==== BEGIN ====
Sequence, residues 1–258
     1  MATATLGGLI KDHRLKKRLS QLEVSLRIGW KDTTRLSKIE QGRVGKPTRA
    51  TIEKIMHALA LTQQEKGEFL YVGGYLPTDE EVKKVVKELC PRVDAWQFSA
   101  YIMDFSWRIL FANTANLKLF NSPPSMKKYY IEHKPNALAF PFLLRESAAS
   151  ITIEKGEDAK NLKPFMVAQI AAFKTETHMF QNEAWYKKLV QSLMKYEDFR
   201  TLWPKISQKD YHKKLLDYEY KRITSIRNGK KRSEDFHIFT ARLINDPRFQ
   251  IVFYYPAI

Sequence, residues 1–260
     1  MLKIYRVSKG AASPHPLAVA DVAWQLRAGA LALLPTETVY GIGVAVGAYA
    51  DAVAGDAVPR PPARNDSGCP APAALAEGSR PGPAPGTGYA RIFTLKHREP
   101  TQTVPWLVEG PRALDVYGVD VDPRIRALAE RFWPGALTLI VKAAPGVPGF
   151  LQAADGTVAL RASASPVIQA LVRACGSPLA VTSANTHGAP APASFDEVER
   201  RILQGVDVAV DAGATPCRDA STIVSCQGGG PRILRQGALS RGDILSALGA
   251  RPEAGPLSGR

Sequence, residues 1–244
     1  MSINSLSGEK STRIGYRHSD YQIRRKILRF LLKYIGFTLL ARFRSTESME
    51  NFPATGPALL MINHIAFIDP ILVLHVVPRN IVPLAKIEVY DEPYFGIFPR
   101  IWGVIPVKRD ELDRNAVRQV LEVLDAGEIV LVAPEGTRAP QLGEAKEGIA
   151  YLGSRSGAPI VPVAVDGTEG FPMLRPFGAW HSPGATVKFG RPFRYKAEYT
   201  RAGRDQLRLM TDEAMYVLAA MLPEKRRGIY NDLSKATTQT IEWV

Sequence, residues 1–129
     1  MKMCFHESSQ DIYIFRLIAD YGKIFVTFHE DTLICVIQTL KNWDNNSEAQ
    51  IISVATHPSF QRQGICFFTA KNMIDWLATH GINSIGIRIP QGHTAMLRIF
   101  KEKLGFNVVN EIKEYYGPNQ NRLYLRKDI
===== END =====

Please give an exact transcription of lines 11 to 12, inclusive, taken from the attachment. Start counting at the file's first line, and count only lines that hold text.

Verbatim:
   101  TQTVPWLVEG PRALDVYGVD VDPRIRALAE RFWPGALTLI VKAAPGVPGF
   151  LQAADGTVAL RASASPVIQA LVRACGSPLA VTSANTHGAP APASFDEVER